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The Crustal Architecture of an Inverted Rift: constraints from the SIMA (Seismic Imaging of the Moroccan Atlas) Project

Antonio Teixell, Pui Ayarza, Ramón Carbonell, M. Harnafi, A. Kchikach, Alan Levander, Josep Gallart, Maria Luisa Arboleya, I. Palomeras, J. Marti, M. Charroud, and M. Amrhar

The Atlas Mountains derive from the inversion of a Triassic-Jurassic continental rift that connected the Atlantic and Tethys oceans in the NW of the African plate. Tertiary compression, with a main phase from the Late Oligocene-Miocene to recent, reactivated older extensional faults and created thick-skinned fold and thrust belts with moderate degrees of shortening (<25%). Models for the structure of the Atlas include a supracrustal belt soled in a detachment in the middle crust (based on low-resolution seismic refraction) and a deep-rooted thrust system offsetting the lower crust and the Moho (based on gravity). All previous models show moderate crustal thickness (<40 km) and a state of isostatic undercompensation. If topography does not respond to isostatic equilibrium at a crustal level, the mantle must be involved in the uplift process. Potential field modeling suggested an asthenospheric upwelling placing the base of the lithosphere as shallow as 70 km. Mantle-sourced uplift exceeded the Atlas deformed belts and raised the pre-Rifean marine corridor, thus reducing the Atlantic-Mediterranean connections in the Messinian. To picture the Moho topography and depth, and to constrain the seismic velocity structure, a 700 km long, seismic wide-angle reflection and refraction transect was acquired in 2010, extending from the Sahara to the Gibraltar arc, across the High and Middle Atlas and the Rif. Seismic energy released at 6 shot points was generated by the detonation of 1 TN explosives and recorded by 900 Reftek-125a recorders. The data allow the identification of crustal (Pg and PiP) and mantle phases (PmP and Pn). Forward modeling pictures the Moho as an asymmetric feature that defines a crustal root characteristic of young orogens. Modeling supports a deep-reaching system where upper-crustal thrusts converge in a north-dipping main thrust that offsets the lower crust and uppermost mantle beneath the northern High Atlas.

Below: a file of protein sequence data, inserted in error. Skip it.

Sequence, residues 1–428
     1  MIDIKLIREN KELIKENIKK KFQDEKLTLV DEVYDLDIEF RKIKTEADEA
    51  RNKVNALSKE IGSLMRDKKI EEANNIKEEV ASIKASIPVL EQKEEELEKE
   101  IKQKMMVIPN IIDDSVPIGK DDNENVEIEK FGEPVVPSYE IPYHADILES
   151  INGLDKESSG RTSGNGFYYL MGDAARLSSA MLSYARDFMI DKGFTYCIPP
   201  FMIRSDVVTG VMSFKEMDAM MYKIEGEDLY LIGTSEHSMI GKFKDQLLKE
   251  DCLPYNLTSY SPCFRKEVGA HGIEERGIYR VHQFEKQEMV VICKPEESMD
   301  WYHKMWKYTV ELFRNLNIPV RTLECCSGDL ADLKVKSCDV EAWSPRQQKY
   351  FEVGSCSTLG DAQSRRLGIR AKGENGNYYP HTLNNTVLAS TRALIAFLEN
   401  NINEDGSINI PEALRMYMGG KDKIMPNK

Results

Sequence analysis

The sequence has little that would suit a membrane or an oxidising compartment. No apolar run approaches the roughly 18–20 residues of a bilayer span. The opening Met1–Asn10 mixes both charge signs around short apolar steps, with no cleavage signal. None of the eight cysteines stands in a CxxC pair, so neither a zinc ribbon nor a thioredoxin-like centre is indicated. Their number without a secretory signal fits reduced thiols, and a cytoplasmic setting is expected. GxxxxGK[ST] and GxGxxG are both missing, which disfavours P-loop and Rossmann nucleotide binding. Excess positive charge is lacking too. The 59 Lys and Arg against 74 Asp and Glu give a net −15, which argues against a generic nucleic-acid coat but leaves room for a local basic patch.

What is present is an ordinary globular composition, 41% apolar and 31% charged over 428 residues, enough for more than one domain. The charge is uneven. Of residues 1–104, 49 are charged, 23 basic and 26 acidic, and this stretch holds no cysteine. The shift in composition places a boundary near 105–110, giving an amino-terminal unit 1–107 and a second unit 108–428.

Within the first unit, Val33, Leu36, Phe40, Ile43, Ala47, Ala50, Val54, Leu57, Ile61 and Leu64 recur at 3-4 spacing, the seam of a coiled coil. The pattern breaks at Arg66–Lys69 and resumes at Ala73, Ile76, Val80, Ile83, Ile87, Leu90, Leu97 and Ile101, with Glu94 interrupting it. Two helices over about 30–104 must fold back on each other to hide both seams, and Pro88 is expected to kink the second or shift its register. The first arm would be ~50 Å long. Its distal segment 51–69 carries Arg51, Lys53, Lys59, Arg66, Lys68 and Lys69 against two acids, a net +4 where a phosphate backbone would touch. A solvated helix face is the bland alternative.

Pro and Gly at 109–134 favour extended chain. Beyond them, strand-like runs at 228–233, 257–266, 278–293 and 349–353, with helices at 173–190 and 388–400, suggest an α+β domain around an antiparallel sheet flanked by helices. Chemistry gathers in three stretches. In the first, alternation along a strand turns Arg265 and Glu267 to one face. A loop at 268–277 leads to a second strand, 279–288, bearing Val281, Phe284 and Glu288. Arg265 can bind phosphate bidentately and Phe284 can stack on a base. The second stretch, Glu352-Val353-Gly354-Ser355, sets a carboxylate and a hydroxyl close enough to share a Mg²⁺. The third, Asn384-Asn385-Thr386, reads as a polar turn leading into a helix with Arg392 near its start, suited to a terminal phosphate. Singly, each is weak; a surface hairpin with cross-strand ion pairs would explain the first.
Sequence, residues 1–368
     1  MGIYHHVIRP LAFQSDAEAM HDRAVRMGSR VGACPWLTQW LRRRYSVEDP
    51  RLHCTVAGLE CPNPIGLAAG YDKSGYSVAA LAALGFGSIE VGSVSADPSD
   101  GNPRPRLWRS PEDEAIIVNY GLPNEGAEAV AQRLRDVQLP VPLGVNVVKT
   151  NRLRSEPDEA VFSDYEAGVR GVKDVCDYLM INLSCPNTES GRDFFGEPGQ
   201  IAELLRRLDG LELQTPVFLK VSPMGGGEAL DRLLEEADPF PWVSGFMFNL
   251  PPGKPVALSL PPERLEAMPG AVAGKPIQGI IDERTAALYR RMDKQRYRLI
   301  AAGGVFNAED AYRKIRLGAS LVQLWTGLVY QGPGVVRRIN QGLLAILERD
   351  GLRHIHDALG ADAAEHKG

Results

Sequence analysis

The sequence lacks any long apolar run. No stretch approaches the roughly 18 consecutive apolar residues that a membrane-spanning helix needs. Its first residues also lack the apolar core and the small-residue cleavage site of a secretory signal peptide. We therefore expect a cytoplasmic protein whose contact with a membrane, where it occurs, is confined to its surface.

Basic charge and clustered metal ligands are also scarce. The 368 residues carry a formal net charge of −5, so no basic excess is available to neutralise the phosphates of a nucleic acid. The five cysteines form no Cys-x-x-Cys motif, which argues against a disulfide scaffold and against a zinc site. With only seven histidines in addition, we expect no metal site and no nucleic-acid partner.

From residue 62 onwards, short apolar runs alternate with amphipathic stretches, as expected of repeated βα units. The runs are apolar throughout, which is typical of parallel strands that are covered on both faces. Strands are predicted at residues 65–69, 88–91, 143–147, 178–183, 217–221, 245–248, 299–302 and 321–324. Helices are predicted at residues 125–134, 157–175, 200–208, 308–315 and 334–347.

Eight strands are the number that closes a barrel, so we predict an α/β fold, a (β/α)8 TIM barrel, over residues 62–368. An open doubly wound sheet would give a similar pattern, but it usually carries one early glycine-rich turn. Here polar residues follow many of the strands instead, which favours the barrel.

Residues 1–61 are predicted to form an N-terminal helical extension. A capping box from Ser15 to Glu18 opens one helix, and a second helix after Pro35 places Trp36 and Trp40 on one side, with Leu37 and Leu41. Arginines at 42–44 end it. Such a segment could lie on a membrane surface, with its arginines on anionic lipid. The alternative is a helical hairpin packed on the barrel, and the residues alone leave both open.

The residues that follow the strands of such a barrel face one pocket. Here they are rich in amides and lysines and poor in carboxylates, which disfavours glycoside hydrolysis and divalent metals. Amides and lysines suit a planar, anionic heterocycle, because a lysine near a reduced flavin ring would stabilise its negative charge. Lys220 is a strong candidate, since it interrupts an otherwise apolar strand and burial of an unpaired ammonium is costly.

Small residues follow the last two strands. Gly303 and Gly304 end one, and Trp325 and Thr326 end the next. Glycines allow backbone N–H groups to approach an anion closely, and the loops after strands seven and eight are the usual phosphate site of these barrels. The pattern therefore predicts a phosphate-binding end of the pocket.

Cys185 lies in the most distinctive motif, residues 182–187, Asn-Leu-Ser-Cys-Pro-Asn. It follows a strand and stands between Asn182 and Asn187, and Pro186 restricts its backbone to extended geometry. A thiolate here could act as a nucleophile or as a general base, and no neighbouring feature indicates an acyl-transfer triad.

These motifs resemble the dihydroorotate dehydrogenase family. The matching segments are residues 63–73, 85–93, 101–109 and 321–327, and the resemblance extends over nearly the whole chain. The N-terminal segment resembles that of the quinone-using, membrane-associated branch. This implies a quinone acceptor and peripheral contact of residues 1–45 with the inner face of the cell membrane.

AAPG Search and Discovery Article #90161©2013 AAPG European Regional Conference, Barcelona, Spain, 8-10 April 2013